Editor’s Note: Intel is a sponsor of The New Stack.
The developer is getting closer to the infrastructure. This is a concept that has evolved over the past few years with the advent of Amazon Web Services, Google Compute Engine and other cloud services. But now developers are getting closer to the chip, which forces questions about how apps and infrastructure are getting abstracted. In turn, it surfaces more reasons why a company like Intel s getting closer to the developer.
It’s a curious topic. Google is associated with developers. AWS is mostly about attracting developers. So is Digital Ocean, Rackspace and a new generation of telecommunications providers such as Century Link Labs and Swisscom.
Intel is now building its presence as developers look for deeper capabilities to create adaptive apps. This means easier access to the chip itself. Intel is getting closer to developer communities as more understanding is needed to optimize across distributed infrastructures. That is, Intel now needs to work more closely with the people who are adapting the infrastructure to build out adaptive systems.
“There really are two types of Intel developers,” says Das Kamhout, Principal Engineer at Intel. “There are those who might be developing a high performance mobile app on a public cloud trying to optimize the app as much as possible for personalized medicine.”
“Everyone wants to play a Tetris game of placement and finding ways to optimize the processes,” he said in the video.
The second group of Intel developers is building out orchestration environments, software defined storage technologies and networking services.
Docker sparked a shift in thinking about containers. Google followed by open sourcing Kubernetes, which is leading to a viral movement at the infrastructure layer. That in turn has drawn in companies like VMware to partner with both Google and Docker. Pivotal has helped lead development of Diego, the elastic runtime for Cloud Foundry, the popular platform as a service (PaaS).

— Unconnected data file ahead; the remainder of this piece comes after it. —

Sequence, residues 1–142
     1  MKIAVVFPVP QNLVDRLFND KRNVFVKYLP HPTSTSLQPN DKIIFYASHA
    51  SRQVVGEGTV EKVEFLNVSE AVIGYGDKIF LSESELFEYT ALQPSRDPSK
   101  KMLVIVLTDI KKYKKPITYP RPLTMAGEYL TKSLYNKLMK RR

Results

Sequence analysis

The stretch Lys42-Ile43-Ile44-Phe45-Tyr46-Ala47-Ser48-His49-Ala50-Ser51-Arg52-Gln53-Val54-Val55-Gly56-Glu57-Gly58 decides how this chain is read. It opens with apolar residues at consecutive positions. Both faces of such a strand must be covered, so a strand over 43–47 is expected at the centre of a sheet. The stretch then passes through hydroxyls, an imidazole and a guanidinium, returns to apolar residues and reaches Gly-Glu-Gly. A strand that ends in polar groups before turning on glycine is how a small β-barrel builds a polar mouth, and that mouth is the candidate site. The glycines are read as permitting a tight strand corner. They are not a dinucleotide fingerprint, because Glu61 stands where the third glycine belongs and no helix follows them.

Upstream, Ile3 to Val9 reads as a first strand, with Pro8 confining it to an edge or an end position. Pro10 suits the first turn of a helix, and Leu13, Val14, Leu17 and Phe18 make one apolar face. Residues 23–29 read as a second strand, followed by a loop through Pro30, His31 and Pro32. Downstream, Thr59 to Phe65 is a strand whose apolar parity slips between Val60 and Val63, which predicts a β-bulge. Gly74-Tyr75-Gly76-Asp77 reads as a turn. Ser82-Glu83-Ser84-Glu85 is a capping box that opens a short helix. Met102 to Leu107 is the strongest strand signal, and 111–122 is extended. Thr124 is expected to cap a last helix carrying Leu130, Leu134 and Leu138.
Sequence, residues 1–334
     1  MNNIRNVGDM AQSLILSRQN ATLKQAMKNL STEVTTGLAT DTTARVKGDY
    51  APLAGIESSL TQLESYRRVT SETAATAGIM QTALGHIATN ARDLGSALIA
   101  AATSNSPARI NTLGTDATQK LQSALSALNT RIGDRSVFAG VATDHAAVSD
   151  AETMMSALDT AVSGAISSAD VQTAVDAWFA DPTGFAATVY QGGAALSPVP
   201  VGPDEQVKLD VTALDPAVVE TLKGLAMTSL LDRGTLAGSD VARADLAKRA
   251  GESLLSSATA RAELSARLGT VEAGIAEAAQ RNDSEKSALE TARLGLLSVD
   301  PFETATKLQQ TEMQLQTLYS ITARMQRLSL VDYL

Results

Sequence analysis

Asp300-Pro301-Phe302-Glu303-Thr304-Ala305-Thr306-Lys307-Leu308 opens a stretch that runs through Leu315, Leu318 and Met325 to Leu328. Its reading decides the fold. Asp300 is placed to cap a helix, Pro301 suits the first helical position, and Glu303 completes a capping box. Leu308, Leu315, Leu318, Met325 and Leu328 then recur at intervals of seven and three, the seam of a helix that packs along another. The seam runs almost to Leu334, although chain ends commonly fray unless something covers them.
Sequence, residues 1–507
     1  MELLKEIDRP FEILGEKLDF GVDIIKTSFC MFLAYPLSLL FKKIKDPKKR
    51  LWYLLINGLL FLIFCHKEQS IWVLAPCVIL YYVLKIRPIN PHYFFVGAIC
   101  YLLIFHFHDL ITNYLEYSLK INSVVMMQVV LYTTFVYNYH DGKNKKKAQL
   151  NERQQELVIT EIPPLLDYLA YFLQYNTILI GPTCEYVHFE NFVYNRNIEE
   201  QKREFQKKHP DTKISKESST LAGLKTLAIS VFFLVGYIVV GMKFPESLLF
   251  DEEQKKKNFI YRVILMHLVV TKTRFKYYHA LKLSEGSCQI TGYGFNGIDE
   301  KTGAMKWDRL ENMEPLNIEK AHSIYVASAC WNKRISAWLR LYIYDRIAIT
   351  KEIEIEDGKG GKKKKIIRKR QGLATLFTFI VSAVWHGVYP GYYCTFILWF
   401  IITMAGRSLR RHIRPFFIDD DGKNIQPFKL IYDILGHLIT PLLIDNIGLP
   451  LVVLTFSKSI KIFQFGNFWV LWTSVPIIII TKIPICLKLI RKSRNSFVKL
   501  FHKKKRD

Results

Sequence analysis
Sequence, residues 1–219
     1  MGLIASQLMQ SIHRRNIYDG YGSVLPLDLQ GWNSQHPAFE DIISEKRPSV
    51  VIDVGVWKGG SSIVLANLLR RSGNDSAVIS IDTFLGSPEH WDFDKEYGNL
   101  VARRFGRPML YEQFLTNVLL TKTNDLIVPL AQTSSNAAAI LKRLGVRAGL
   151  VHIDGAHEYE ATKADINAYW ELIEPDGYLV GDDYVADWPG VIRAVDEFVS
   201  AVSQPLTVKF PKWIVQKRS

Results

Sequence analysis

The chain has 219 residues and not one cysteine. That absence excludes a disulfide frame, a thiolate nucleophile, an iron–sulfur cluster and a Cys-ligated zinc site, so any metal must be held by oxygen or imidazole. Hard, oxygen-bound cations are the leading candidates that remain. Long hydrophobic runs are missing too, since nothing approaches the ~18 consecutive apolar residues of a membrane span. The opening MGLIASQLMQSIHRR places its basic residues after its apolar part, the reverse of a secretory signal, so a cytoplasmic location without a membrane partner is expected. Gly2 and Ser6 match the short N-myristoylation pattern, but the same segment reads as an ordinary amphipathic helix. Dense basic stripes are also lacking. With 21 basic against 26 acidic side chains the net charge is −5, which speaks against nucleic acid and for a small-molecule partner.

“The developers can reach deeper into the stack than ever before,” Kamhout said.
The new capability means a greater likelihood of apps and architecture being better understood by each other in some semantic context, which in itself fosters intelligence feedback loops.
This idea of super intelligence, to borrow a phrase, has a corollary to orchestration in different forms at the various levels of the application and infrastructure stacks. The advent of Docker, container technology orchestration systems such as Google Kubernetes and intelligent microservices platforms for managing systems means new ways to build adaptive applications and shape new forms of continuous delivery that offer ways to add and replace data structures. Plug and play, if you will.
There are still plenty of people needed to make apps work. But the machines are getting so smart that it’s believable that we will not always need people to do the countless jobs that are required to remotely manage systems.
Billy Cox said this in our podcast from the Intel Developer Forum:
Orchestration to me is not just lights out, it’s people gone.
If the people are gone, then the machines are ultimately intelligent enough to manage themselves. We can program the machines but that does not necessarily mean we are smarter.
It just means we know how to use the resources to augment our brains. Orchestration means that machines can be clustered and coordinated to teach each other and ultimately give us super intelligence. We will get the super intelligence from the machines, blurring the difference between human and artificial learning.
What’s the outcome? It was fairly evident at IDF. As we showed in the video, the new developers are using new types of chip, like Edison, to build robots and connected bike helmets.
It’s that connection between hardware and software that is leading to a new generation of makers who will hack pretty much everything. They follow a first generation of makers who helped define modern cloud services. Now we see a new generation of makers who will have a deeper need to get closer to the processor to create a next generation of products and services.
The new developer is closer to the chip than ever before. And that as much as anything is what defines the Intel developer.
Feature image via Flickr Creative Commons.